It has a diameter of 500 meters and travels at a speed of 100,000 km / h towards the Earth. The asteroid Bennu will pass very close to us in the year 2135, but the probability of its collision is still very low.
NASA reported this week that in just over 100 years, Bennu will be close to Earth, only half the distance from our planet to the Moon. The US space agency added that the aftereffect, by 2300, would still be on the order of a minute, and one “chance” in 1750.
Discovered in 1999, Bennu is one of two known asteroids in our solar system that pose the greatest danger to Earth, according to NASA.
Two years of notes
The US space agency’s Osiris-Rex probe spent two years in orbit around Bennu, and left last May to bring back samples collected during a contact that lasted a few seconds with Earth.
The samples are scheduled to reach Earth in 2023. The mission made it possible to closely study the asteroid and greatly improve predictions of its future path.
Scientists concluded that by the year 2300, the chances of hitting the Earth were only 0.057%. “In other words, this means that there is a 99.94% chance that Bennu is not on a collision course,” said David Farnocchia, a scientist in NASA’s Near-Earth Object Studies. “So you don’t have to worry too much.”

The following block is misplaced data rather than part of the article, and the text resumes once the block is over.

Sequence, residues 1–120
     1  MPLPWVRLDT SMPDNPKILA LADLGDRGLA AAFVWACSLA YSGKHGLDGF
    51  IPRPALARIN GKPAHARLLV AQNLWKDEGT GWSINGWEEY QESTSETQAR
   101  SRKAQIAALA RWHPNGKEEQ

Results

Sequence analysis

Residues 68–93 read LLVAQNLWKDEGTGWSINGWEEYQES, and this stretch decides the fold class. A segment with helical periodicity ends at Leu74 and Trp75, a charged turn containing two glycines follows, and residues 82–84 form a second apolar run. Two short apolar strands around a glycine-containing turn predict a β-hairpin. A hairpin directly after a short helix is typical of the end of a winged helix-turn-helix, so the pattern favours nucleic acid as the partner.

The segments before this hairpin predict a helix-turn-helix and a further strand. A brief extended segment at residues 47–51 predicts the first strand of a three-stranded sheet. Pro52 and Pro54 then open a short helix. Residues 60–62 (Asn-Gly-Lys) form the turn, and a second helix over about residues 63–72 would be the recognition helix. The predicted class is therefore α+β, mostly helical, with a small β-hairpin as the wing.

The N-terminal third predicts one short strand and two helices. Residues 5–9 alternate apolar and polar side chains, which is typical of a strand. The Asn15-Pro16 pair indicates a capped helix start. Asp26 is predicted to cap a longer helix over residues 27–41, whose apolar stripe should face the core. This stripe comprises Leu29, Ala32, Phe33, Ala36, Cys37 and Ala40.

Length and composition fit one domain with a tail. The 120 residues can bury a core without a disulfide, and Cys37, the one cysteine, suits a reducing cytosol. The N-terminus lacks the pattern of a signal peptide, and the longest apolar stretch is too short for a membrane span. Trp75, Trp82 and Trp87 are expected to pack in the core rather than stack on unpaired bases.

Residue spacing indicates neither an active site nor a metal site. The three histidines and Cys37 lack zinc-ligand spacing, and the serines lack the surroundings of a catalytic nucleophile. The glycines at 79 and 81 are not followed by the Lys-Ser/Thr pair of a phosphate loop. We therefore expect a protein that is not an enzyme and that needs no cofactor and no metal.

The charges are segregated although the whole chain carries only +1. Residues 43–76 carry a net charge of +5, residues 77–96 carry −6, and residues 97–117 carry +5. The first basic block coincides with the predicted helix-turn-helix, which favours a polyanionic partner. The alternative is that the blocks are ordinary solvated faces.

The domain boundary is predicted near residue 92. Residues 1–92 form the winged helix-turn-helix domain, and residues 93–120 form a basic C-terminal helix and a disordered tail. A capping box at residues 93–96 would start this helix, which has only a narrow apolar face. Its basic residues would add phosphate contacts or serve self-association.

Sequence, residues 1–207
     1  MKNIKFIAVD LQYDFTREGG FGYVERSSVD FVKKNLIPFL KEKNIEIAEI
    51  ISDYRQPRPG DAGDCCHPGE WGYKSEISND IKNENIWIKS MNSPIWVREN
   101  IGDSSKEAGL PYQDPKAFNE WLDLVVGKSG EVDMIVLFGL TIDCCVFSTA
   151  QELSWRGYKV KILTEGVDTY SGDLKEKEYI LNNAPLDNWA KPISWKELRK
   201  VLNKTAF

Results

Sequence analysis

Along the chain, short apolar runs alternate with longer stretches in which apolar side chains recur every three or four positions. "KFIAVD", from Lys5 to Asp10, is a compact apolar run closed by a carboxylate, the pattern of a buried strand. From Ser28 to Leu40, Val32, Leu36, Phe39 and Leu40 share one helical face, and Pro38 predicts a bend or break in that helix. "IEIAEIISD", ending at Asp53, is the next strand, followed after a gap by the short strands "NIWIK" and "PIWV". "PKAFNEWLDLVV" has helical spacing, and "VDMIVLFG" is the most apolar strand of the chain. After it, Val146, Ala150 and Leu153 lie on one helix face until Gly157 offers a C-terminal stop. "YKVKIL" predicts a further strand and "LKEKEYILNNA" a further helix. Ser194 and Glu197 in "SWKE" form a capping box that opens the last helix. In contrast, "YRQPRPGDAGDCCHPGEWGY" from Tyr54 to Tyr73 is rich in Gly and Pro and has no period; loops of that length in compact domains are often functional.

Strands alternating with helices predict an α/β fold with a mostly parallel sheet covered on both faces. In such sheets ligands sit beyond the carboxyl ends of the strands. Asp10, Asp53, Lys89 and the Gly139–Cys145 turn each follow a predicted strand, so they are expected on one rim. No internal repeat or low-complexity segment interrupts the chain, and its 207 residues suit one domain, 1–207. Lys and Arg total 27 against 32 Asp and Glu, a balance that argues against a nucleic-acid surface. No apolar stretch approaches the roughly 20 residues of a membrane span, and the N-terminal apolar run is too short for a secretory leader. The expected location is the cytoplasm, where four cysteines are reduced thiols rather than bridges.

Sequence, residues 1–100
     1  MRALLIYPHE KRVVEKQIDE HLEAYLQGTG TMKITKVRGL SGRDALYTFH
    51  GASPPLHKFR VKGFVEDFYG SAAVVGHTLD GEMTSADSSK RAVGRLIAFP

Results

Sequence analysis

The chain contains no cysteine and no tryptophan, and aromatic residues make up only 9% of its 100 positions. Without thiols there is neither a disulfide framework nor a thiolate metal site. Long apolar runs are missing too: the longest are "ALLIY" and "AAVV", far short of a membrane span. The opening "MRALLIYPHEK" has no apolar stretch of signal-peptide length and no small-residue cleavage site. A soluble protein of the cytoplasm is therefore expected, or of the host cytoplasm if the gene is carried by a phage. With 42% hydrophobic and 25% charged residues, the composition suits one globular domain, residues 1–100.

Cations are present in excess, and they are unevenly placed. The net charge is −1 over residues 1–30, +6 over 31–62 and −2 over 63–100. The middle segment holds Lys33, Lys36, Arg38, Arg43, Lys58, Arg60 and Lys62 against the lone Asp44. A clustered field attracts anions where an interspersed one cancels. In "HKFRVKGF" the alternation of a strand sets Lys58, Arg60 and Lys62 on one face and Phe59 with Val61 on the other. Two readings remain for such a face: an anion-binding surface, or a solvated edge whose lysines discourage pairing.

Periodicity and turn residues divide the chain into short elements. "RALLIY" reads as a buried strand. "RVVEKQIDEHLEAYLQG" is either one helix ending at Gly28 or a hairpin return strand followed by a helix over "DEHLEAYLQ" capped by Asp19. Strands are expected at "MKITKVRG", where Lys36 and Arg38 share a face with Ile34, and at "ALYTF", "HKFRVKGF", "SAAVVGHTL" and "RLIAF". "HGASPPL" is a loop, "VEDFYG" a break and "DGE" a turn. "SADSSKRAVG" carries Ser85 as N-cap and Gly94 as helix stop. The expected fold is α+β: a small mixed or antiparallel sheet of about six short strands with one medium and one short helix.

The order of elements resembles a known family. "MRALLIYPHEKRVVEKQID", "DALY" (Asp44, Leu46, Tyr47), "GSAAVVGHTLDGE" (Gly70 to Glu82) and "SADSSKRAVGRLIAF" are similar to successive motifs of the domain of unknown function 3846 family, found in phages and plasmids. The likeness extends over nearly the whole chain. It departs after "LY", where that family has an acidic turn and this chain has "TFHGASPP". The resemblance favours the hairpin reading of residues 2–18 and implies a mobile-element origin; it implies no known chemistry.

The fact remains that in September 2135, Bennu will pass close to Earth. This will give it the possibility to cross the so-called “gravitational keyhole”: a region that, due to the gravitational effect of our planet, would slightly change the course of the asteroid, and thus put it on a path. future collision.
Avant la mission Osiris-Rex, 26 “trous de serrure” grands d’un kilomètre ou plus étaient possiblement sur le chemin de Bennu en 2135. Grâce aux analyses permises par la sonde Osiris-Rex, les scientifiques ont pu en exclure 24. The last two.
According to them, the most likely date for the impact will be in the year 2182. If this happened, the event would be catastrophic. “Typically, the size of the crater is 10 to 20 times the size of the object,” said Lindley Johnson, of NASA’s Planetary Defense Coordination Office, or, for Bennu, a crater 5 to 10 kilometers in diameter. “But the area of destruction would be much larger than that, up to 100 times the size of the crater,” he said.
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